The DOL reminds employers that the “health care provider” exemption is not work-place dependent. The Revised Final Rule provides a non-exhaustive list of facilities where health care providers may work, including temporary health care facilities that have been established in light of the COVID-19 pandemic. This list includes “a doctor’s office, hospital, health care center, clinic, medical school, local health department or agency, nursing facility, retirement facility, nursing home, home health care provider, any facility that performs laboratory or medical testing, pharmacy, or any similar permanent or temporary institution, facility, location, or site where medical services are provided.” The DOL noted that a covered employee need not work at one of these enumerated facilities to be considered a health care provider under the FFCRA, and working at one of these facilities does not automatically mean an employee is a health care provider. Rather, the analysis is fact-specific.
Employees Must Provide Documentation Supporting Leave and Notice of Leave “As Soon As Practicable”
The District Court struck down the provision of the DOL Final Rule that required employees to provide advance documentation prior to taking leave, reasoning that it was inconsistent with the FFCRA. In the Revised Final Rule, the DOL eliminated the advance documentation mandate, and instead, requires employees to provide documentation “as soon as practicable.”
The Revised Final Rule also clarified when employees must provide notice before taking FFCRA-leave, which is different under the Emergency Paid Sick Leave Act (“EPSLA”) and the Emergency Family and Medical Leave Expansion Act (“EFMLA”). Under the EPSLA, notice cannot be required in advance, it can only be required after the first workday (or portion thereof) for which an employee takes leave. After the first workday, it is reasonable to require the employee to provide notice as soon as practicable. On the other hand, under the EFMLA, notice is required as soon as practicable. Specifically, if the need for EFMLA leave is foreseeable, an employee should provide notice before taking leave. For example, if an employee learns on Monday morning before work that his or her child’s school or day care will be closed on Tuesday due to COVID-19 related reasons, the employee must notify his or her employer as soon as practicable. If the need for EFMLA was not foreseeable—for instance, if that employee learns of the school’s closure on Tuesday after reporting for work—the employee may begin to take leave without giving prior notice, but must still give notice as soon as practicable.
In addition to issuing the Revised Final Rule, the DOL has also updated and added to its FAQs to reflect its new guidance concerning the application of the FFCRA.
Implications and Employer Takeaways
While guidance and revisions to the DOL’s Final Rule were highly anticipated in light of the District Court’s decision, many questions still remain unclear. For example, it remains to be seen whether the Revised Final Rule applies retroactively, which would mean that employers would have to grant FFCRA leave to employees who were not eligible under the DOL’s original regulations, but are now eligible under the Revised Final Rule. Additionally, it is unclear whether the DOL will face additional challenges by the State of New York or possibly other jurisdictions.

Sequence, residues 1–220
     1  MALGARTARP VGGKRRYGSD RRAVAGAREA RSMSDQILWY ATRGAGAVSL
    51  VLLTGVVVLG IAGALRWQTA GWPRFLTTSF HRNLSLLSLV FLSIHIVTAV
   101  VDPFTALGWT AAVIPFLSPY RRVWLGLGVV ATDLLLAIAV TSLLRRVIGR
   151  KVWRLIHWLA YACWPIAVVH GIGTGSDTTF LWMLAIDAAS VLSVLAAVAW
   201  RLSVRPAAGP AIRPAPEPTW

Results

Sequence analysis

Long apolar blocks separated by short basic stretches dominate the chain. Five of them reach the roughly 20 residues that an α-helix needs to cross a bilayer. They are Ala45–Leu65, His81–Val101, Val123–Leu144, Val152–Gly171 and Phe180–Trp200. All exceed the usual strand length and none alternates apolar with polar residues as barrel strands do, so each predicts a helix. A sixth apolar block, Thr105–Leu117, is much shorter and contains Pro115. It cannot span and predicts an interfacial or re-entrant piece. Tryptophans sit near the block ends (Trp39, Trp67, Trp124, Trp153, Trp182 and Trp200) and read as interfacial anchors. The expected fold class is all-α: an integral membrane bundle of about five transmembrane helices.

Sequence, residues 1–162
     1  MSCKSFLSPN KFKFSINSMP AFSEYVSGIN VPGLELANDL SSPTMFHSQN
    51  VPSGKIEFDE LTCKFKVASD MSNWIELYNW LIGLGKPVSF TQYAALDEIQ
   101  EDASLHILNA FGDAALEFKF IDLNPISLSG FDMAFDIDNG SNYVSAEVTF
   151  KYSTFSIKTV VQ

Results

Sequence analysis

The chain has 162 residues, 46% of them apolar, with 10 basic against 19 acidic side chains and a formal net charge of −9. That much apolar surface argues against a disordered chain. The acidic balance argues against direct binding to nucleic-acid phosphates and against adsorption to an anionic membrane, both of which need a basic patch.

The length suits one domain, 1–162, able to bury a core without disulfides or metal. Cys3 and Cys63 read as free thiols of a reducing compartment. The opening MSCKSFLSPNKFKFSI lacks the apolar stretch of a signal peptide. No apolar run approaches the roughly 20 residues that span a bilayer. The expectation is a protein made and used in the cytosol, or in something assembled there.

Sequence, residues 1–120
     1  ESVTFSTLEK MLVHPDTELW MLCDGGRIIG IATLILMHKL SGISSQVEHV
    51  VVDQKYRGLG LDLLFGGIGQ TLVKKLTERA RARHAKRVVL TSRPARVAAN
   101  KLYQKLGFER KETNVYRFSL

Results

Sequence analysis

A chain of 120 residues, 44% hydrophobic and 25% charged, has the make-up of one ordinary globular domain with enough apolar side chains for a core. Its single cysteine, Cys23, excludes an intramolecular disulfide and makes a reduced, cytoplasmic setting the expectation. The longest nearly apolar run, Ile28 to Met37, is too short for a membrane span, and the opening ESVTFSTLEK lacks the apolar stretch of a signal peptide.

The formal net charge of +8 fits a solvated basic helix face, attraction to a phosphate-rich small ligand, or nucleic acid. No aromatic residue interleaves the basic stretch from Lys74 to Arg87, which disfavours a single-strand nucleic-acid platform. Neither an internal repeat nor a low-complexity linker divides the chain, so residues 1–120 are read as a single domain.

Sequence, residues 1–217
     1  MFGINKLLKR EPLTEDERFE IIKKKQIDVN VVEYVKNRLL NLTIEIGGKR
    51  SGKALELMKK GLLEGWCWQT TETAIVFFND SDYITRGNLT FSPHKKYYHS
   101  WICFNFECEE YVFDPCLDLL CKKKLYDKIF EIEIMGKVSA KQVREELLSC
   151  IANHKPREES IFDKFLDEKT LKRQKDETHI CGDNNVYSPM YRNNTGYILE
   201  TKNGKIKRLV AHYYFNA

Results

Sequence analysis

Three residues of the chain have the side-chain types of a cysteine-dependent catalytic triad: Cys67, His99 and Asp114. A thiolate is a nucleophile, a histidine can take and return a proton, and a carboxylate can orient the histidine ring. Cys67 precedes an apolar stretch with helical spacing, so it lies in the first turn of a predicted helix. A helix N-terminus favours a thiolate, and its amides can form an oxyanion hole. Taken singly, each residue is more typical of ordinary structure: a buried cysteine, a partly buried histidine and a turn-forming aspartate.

While neither the District Court’s order nor the Revised Final Rule explicitly addressed whether the District Court’s decision applied nationwide, the DOL clarified that it viewed the decision as applying on a nationwide basis. Specifically, in FAQ #102, the DOL stated that they “consider the invalidated provisions of the FFCRA paid leave regulations vacated nationwide, not just as to the parties in the case.”
In light of the nationwide applicability, employers in all states should make adjustments to their FFCRA procedures in accordance with the Revised Final Rule. Employers should be cognizant of state and/or local laws that have been enacted in light of the COVID-19 pandemic, specifically those that have interpreted or adopted portions of the DOL’s Final Rule. Importantly, the Revised Final Rule has immediate impact on health care employers, particularly those that have exempted all or some of their employees from FFCRA leave as a result of the DOL’s initial broad definition concerning health care providers. As explained above, it is unclear whether employers must retroactively grant paid leave benefits to employees who have now qualified under the Revised Final Rule. Good faith reliance on the former DOL Final Rule may provide a defense to any claim for retroactive benefits. Employers should continue to monitor DOL announcements regarding further updates to the Revised Final Rule and the FAQs on the FFCRA. Employers with questions about the impact of these revised regulations should consult with experienced employment counsel.
As you are aware, things are changing quickly and there is a lack of clear-cut authority or bright line rules on implementation. This article is not intended to be an unequivocal, one-size fits all guidance, but instead represents our interpretation of where things currently and generally stand. This article does not address the potential impacts of the numerous other local, state and federal orders that have been issued in response to the COVID-19 pandemic, including, without limitation, potential liability should an employee become ill, requirements regarding family leave, sick pay and other issues.
*Jamie Moelis contributed to this article.